Ever since Dare You To Move i thought this band were long gone



toxin.
January 8th 2014


12924 Comments


i was wondering when they'd release a new album

too lazy to read the review but something about surf pop/rock sounds a lot more appealing than the tripe in their previous effort so maybe i'll check this out

TheSupernatural
January 8th 2014


1819 Comments


I tend to enjoy bands more before I find out that they're Christian. I love Thrice but it boggles my mind that people actually buy into that shit.

That being said, it sounds interesting and I might check it out. Not sure if I agree with your review, given I haven't listened to it yet, but I thought it was well-written. Here's a pos

RadicalEd
January 8th 2014


9446 Comments


Yeezus.

Digging: Maurice Louca - Elephantine

RadicalEd
January 8th 2014


9446 Comments


Foreman solo > Switchfoot.

RadicalEd
January 8th 2014


9446 Comments


lol.

Brostep
Staff Reviewer
January 8th 2014


4469 Comments


god dammit dougie read my comment first :[

luv ya anyways tho

thecolorbrown
January 8th 2014


72 Comments

Album Rating: 3.0

For the record Thrice is my favorite band, and I think they and Switchfoot both do a good job of letting their faith take a natural place in their music. If it is what they are writing about, then the song is about it, but it isn't necessarily their goal to impose it.



The more I listen to this album, the more I realize how optimistic this review is. I'll leave it as is, but for you guys who haven't heard Switchfoot's music in a while, I wouldn't start here. Hello Hurricane and Vice Verses are both very good albums that may not have "singles" but they are filled with some of the band's best work.



Jon Foreman Solo > Switchfoot. I second that.

thecolorbrown
January 8th 2014


72 Comments

Album Rating: 3.0

I downed the rating to a 3, and added another paragraph



btw, this album can be streamed on itunes radio: https://itunes.apple.com/us/station/first-play-switchfoot-fading/idra.791210392

forlifeis
January 8th 2014


8 Comments

Album Rating: 3.5

Definitely looking forward to this album, being the fanboy that I am. I was sorely disappointed by the lack of a physical preorder, but I am resigned to journeying to my local Best Buy next Tuesday to pick up my hard copy.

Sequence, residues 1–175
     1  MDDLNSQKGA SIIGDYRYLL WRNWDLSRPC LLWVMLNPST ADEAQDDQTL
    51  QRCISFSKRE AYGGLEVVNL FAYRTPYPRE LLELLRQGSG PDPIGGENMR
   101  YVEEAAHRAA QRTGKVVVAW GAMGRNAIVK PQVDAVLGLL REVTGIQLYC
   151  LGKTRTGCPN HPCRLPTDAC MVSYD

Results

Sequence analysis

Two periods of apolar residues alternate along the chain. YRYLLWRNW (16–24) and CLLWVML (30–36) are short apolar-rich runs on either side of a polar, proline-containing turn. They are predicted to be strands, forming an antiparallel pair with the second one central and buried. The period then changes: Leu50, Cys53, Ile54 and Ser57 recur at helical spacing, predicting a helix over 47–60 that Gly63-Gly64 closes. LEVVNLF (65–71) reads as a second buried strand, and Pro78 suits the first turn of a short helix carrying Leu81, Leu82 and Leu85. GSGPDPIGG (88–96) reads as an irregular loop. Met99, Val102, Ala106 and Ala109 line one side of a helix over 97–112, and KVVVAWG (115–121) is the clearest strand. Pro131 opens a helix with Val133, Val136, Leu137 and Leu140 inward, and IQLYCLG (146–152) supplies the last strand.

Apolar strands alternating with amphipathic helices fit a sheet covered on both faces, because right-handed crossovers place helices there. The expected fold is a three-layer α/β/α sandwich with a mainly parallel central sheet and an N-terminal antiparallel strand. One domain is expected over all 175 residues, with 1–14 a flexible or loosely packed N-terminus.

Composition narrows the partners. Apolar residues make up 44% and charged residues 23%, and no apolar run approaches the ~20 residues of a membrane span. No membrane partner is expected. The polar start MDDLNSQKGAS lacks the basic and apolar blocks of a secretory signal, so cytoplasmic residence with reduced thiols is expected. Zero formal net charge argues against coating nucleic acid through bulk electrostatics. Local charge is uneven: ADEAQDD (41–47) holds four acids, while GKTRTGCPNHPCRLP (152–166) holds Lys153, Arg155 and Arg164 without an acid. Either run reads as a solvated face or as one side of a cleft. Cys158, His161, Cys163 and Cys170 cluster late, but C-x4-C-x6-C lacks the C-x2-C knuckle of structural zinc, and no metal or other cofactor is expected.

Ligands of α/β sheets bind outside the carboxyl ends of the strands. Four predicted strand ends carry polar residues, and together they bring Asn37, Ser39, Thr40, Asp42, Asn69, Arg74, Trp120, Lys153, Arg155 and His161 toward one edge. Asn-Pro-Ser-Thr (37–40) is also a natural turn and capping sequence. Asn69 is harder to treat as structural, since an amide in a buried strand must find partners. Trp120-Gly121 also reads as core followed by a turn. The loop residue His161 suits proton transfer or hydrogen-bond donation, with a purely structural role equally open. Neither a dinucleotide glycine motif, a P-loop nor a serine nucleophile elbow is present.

I am cautiously optimistic for a bit more experimentation with song structures and such.

Green Baron
January 8th 2014


24437 Comments

Album Rating: 2.5

"The downside to this album, however, is that in comparison with their previous work, there is a sense of unfulfillment in the music. What is missing is the riff-based rock songs that made the band famous - the album has no "Meant to Live" or "Mess of Me"; nor is there really a memorable bridge or a power-ballad that Switchfoot has done so well. There are no screams, no (noteworthy) guitar solos, no groundbreaking sounds. What Fading West lacks is dynamics - the music is consistently safe and uninspiring."



This is the exact problem I have with this album.

Digging: Kate Bush - Hounds of Love

amanwithahammer
January 9th 2014


585 Comments


Ah yeah, this reads at least like a 3.5. I used to dig the shit out of these guys and still find their
stuff before Vice Verses fun in a nostalgic kinda way, but that album came out after my Switchfoot
phase and I couldn't feel it at all. Maybe one day I'll give their post-Hello Hurricane stuff another
chance, maybe not... good review anyways.

Crawl
January 9th 2014


2560 Comments

Album Rating: 2.5 | Sound Off

Exactly what I expected, even though I hadn't heard anything by the band before listening to this. I liked the optimism and catchiness of the two lead singles, despite the obvious cheese. Other tracks just don't do anything for me. Probably a 2.5.

thecolorbrown
January 10th 2014


72 Comments

Album Rating: 3.0

check out All or Northing At All. The more I listen to the album, the more I realize that is the strongest song on the record...



and btw, if you've never listened to Switchfoot before, PLEASE don't judge them off of this, go listen to these songs, they are actually a rock band:



http://www.youtube.com/watch?v=l5BvhlHFO8w

http://www.youtube.com/watch?v=et1vriu29Qk

http://www.youtube.com/watch?v=iOTcr9wKC-o

http://www.youtube.com/watch?v=MHhWVpNlwU8



Crawl
January 11th 2014


2560 Comments

Album Rating: 2.5 | Sound Off

damn, but those first two songs are great anyway.

Green Baron
January 11th 2014


24437 Comments

Album Rating: 2.5

damn, Who We Are has got to be one of my least favorite songs by these guys

Crawl
January 11th 2014


2560 Comments

Album Rating: 2.5 | Sound Off

come on it's cheesy and sentimental as fk but it achieves what it wants to achieve

thecolorbrown
January 12th 2014


72 Comments

Album Rating: 3.0

the song in context of the movie changes it completely. I heard it a month before seeing the film, and i was so disappointed. But he wrote that song about the kids of the band members, and they are the voices in the song. It is actually a really cool scene when it shows all the kids singing it - and lyrically it's a pretty cool reflection of who the band was when they were just starting.



but musically, it's bad. 1 2 3 4 5.